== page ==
|An example of "Jim's Rules of Four" -- two Prussian infantry brigades of four battalions. Minden Miniatures. Click picture to enlarge the view.|
An army general might be able to handle four corps without getting overwhelmed; a corps commander could handle up to four divisions; a division commander could handle maybe three brigades plus his divisional artillery; a brigade commander could handle four regiments. So whenever I design Wargame scenarios for convention play, I tend to limit the players to four maneuver elements and I try to target four players per side . Anymore than that and the players and the game judge have too much going on in order to keep things tight and under control through out the game.
Last evening, I happened to be reading Charles S. Grant's "The Wargame Companion" and he set out his thoughts as to what constituted the ideal Wargame army:
8 battalions of line infantry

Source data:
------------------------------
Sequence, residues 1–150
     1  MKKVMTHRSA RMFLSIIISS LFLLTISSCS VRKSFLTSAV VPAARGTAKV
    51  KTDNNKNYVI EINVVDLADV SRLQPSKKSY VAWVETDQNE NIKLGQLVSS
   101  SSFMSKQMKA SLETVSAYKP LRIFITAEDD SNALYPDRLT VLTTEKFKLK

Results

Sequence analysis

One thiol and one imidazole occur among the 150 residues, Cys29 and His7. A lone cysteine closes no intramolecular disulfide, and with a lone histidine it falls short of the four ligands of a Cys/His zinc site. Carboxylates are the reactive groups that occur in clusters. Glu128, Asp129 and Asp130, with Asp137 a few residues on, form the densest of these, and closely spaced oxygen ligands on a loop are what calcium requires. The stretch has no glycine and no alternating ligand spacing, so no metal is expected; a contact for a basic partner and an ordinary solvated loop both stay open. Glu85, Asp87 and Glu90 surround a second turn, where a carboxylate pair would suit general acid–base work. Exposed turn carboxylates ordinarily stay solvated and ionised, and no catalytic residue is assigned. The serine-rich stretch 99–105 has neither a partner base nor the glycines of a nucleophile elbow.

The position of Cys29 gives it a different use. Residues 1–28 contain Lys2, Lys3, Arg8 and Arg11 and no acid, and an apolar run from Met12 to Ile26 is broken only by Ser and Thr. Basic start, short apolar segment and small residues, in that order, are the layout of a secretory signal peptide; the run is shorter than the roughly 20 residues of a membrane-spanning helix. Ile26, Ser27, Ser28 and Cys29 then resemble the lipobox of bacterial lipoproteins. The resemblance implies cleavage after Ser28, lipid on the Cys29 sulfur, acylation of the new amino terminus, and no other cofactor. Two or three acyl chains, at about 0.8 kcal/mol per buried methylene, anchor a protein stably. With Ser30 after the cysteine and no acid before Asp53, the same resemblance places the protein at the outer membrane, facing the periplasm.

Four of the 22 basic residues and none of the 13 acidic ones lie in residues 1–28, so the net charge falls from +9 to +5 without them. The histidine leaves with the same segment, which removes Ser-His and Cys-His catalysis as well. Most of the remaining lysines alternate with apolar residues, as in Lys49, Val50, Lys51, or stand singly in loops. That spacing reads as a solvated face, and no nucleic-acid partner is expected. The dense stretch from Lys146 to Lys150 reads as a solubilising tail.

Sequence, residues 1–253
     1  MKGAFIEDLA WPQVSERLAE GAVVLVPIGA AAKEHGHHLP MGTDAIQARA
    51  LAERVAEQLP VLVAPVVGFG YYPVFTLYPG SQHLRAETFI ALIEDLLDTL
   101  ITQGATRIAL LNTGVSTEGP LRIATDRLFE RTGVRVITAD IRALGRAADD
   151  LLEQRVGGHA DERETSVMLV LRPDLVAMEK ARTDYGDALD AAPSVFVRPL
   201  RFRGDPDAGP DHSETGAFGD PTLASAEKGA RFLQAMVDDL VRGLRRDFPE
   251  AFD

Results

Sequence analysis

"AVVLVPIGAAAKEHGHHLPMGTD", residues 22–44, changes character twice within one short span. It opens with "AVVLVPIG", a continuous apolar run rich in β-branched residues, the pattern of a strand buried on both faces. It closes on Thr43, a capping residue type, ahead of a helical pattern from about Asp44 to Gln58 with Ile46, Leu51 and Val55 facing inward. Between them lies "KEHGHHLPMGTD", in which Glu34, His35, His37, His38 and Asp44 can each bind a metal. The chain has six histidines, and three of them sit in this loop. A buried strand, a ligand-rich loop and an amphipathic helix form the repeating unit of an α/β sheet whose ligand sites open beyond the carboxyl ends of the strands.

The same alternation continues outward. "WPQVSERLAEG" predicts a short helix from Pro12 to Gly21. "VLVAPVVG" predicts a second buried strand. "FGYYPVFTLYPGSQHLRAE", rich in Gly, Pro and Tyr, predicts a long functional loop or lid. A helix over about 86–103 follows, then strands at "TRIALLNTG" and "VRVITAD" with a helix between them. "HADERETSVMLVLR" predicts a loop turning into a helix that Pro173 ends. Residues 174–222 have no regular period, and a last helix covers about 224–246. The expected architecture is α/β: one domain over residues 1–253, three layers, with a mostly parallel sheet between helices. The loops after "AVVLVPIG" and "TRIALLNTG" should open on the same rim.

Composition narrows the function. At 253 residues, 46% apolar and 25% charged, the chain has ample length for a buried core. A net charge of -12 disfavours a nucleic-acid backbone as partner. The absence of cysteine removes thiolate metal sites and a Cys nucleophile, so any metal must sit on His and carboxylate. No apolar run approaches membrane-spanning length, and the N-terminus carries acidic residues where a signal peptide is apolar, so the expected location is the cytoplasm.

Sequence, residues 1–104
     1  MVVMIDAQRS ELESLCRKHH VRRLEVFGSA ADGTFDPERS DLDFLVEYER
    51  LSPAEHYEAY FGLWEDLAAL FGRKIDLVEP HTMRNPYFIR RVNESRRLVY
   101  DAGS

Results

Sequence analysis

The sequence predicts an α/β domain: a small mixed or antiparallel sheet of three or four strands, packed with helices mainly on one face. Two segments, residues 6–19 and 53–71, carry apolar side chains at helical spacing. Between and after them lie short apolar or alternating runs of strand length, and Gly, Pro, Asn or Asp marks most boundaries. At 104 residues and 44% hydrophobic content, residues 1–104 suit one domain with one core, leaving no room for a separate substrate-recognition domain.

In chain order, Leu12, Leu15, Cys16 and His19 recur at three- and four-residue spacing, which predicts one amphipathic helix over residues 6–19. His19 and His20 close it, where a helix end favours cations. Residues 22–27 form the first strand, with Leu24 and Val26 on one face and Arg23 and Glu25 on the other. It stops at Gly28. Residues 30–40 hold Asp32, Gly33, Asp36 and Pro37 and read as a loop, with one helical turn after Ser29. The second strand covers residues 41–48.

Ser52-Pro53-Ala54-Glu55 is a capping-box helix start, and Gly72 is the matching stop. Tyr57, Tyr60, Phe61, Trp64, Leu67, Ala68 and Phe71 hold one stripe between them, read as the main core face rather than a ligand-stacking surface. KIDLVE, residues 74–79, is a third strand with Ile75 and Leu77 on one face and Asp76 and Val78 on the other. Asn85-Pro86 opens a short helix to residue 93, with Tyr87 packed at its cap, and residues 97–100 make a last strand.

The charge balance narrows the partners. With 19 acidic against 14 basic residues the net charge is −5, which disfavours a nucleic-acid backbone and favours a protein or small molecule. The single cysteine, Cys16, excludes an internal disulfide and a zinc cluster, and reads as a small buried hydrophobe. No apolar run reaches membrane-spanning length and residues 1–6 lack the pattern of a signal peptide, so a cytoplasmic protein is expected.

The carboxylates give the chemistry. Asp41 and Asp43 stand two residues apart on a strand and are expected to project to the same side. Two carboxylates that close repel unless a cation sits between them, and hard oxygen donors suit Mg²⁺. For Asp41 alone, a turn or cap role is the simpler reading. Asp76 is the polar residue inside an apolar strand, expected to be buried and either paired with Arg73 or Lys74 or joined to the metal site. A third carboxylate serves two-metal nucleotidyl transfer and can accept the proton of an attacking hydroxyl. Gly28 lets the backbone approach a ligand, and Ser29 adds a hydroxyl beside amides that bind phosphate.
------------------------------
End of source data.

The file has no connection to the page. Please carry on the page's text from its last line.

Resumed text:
1 battalion of light infantry
3 heavy or medium cavalry regiments (dragoons or cuirassiers)
1 light cavalry regiment
2 artillery pieces
3 battalion generals and 1 army commander
This is Jim's Rule of Fours in practice! You divide all the infantry into two brigades of 4 battalions, there are four cavalry regiments and it all boils down to having three commands in this typical army. One of the infantry players can also command the artillery whilst the other takes the jaegers to augment their commands.
I find that I frequently consult the "Wargame Companion" for ideas and inspiration and recommend that you should too.